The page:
“What surprises me is Finance Secretary Benjamin Diokno’s claim that we need all of China’s investment and to have them reviewed undermines them”
Santa Banana, China is not stopping with its former nine-dash line claim of the West Philippine Sea.
Now, it’s a ten-dash line claim of the entire South China Sea and the West Philippine Sea and even the Exclusive Economic Zone of the Philippines.
We may protest all we like, but, my gulay, will China just ignore us as it has done more than a hundred times with China’s bullying and harassment?
I guess not at the rate China seems determined to come out with a map indicating a ten-dash line in line with its aggressive expansion policy claiming all of the South China Sea.
My gulay, China in its map even included within its territory a province of India.
And India is protesting. So, what next?
The Philippines already won its 2016 case at the Arbitral Court at The Hague against China’s nine-dash line, but did China care?
It continues with its bullying of the Philippines at the West Philippine Sea to the extent that China claims Ayungin Shoal (Second Thomas Shoal) is within China’s territory and sovereignty, to the point of even trying to prevent our vessels from sending supply missions to the grounded and rusty BRP Sierra Madre where a platoon of marine personnel had been assigned to emphasize our claim to Ayungin Shoal, west of Palawan and within our EEZ.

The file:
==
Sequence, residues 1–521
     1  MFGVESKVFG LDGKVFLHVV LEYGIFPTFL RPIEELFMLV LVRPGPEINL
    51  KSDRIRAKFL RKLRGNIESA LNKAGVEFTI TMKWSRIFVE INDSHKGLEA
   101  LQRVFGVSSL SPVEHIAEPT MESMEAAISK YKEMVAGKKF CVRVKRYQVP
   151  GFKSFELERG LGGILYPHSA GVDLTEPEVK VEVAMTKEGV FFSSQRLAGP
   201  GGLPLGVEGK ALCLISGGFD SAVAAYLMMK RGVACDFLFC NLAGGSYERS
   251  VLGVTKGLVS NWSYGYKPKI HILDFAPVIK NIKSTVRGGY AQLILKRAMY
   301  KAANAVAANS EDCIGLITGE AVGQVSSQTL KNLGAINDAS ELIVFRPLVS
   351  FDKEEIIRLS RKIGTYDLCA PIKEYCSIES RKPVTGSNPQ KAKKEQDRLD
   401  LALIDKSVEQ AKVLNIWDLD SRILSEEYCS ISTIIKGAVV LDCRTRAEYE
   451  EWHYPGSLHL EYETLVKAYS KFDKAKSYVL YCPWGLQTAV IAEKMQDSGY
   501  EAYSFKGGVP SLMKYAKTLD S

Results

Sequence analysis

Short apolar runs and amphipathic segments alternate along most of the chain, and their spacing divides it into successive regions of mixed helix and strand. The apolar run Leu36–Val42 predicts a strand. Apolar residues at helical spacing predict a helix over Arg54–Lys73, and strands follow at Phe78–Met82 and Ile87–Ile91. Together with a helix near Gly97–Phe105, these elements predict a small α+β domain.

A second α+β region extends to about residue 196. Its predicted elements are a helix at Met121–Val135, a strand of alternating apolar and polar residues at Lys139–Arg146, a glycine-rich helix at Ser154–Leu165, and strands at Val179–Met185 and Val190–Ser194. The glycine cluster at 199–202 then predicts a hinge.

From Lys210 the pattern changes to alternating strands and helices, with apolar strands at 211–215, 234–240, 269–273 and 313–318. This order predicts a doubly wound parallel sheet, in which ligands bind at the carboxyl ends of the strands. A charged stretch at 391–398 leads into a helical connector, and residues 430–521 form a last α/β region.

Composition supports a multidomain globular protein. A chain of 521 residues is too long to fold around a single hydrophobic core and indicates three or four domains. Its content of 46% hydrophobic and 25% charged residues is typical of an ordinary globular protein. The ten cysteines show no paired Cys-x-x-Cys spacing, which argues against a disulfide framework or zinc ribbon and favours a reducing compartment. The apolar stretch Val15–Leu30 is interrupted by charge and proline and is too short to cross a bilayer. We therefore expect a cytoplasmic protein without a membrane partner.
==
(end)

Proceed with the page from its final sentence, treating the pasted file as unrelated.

President Marcos Jr. had to go to Jakarta to attend the ASEAN Summit to inform the ASEAN on what China is doing.
Sure, ASEAN can perhaps condemn China’s move, but will that stop China in its aggressive expansionism and bullying and harassment of the Philippines?
We can hope the ASEAN countries will condemn China for its aggressiveness as other countries around the world have done.
Well, my gulay, does China care a bit, the super-power it is?
What I am afraid of is that with its ten-dash line, Filipino fisherfolk would not be able to fish at the Philippine Sea unless they want to be harassed by China’s Coast Guard vessels.
Santa Banana, that happens when you have as a neighbor a super-power like China. All we can do is just grin and bear it.
Review China investments
For quite some time now, there have been suggestions perhaps it was time for the Philippines to review all the investments to the Philippines by China following the renewed attempt of China to claim all of the West Philippine Sea, with its latest ten-dash line map, not in retaliation, but to take a second look at what kind of investments it has in the Philippines.
Santa Banana, recall that many of the Chinese investments are by state-owned companies, in which case, it is really China that has invested in many of strategic investments, thus threatening national security, the last of which is the joint venture with a local company to claim/reclaim a portion of Manila.
And, Santa Banana, this state-owned China Communications Construction Co. (CCCC), blacklisted by the US government for constructing those islands at the West Philippine Sea that have become strategic island ports and airfields, also intends to construct that strategic bridge connecting Cavite and Bataan across Manila Bay.
If I recall, Davao-based billionaire Dennis Uy, a friend of former President Duterte, had a joint venture with a Chinese investor to finance DITO, the third network.
Recall that state-owned Chinese companies are directly under the control of Chinese President Xi Jinping.